decisions, where to place ads, and other promotional research unrelated to advertising. Finally,
distribution research addresses how to distribute your product and what channels or stores
might carry your brand. All these things would be under problem-solving research.

Slide 5

This slide shows another way to think of what was depicted in the previous slide. Instead of
thinking in terms of topic areas, you might think in terms of marketing mix decisions that
managers must make. Basically, it provides similar information but a more accessible way to
think about what value research would have to marketing managers.

Slide 6

These next two slides indicate the kinds of research activities that companies are involved in.
The percentages reported on the right are somewhat dated, but I believe they are still fairly
indicative of the percent of companies that conduct this kind of research, both in total and in-
house. The last column is the in-house column.


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Slide 7 (No audio)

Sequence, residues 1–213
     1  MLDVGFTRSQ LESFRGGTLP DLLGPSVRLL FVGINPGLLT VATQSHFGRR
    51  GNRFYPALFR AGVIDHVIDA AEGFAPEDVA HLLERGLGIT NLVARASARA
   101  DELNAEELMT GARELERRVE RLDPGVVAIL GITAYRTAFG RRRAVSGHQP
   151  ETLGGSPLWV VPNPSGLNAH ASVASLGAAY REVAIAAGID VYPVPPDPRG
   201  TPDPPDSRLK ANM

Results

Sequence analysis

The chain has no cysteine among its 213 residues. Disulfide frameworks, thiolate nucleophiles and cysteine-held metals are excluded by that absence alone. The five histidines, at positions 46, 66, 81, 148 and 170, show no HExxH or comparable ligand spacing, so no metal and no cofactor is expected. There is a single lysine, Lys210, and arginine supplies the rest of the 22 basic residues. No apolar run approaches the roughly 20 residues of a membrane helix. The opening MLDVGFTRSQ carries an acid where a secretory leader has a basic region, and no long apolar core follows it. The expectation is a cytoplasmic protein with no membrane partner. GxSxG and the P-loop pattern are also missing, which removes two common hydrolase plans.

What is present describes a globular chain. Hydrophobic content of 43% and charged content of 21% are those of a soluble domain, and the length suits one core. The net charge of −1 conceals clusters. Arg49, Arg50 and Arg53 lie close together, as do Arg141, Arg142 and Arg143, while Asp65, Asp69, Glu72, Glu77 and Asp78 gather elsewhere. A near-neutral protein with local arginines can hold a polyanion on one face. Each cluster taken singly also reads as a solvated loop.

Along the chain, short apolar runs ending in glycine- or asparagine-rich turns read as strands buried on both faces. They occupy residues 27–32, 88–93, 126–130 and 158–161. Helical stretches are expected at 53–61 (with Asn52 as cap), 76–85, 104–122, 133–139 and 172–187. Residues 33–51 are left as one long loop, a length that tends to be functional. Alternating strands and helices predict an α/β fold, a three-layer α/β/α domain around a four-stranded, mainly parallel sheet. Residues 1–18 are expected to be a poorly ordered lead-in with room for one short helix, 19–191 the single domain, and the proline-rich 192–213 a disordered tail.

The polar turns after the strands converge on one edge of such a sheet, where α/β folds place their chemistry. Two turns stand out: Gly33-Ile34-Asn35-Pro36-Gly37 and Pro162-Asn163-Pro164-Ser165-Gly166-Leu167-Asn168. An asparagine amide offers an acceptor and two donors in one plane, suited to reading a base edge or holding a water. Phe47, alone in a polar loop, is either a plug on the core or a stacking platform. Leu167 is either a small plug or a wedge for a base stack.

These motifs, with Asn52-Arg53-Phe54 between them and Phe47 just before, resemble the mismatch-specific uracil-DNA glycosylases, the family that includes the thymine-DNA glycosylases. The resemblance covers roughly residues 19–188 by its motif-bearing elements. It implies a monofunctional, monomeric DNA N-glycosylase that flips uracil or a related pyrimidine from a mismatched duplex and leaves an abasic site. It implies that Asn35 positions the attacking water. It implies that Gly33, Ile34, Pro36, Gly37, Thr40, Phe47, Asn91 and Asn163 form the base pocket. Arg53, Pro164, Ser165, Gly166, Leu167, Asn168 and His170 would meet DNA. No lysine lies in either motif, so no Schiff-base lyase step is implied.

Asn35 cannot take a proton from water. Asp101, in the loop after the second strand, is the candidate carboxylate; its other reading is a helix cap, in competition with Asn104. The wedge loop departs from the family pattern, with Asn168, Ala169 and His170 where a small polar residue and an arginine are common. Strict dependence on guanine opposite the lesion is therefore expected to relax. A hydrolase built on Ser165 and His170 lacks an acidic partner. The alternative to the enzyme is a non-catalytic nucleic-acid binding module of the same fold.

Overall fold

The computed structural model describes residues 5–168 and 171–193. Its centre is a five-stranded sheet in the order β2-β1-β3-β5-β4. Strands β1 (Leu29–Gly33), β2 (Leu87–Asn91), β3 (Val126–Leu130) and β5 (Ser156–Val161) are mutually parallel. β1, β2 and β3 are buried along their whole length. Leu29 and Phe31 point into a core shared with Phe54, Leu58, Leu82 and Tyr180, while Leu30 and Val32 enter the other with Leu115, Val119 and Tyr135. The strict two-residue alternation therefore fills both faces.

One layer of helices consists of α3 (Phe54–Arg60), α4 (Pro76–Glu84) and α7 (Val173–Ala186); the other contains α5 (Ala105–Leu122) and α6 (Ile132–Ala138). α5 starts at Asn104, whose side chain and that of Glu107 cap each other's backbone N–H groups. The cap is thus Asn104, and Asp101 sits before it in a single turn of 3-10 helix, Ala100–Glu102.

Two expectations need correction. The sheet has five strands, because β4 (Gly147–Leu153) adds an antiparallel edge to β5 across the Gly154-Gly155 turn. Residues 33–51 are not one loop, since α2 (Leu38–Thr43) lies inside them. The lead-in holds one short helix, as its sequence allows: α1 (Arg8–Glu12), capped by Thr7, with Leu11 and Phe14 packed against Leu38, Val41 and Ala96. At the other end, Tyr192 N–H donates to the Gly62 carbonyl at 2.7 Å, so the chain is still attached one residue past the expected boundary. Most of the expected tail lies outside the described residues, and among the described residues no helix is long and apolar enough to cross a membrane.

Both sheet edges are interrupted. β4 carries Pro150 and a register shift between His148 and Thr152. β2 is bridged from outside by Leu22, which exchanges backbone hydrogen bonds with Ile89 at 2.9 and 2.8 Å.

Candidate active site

Slide 8

I‟ve found the last slide in this series of several slides especially useful in illustrating the different
kinds of research that are most appropriate at different stages of the product life cycle. For
example, even before a product is launched in that pre-commercialization stage, you can see
that there is a set of research studies that are more typical of that stage. Many of these studies
are qualitative, as opposed to quantitative. Looking at the subsequent four columns—the
introductory, growth, maturity, and decline stage—you can see that the concerns at the
introduction stage entail issues related to launching a product. Concerns at the maturity stage
entail maintaining or growing market share for a product, because at this stage you‟re unlikely to
grow industry sales, so increasing your sales means taking competitors‟ sales. Things like
segmentation and lifestyle research are also possibilities of repositioning your product so that it
becomes more attractive to a different or larger share of the market. All of these are appropriate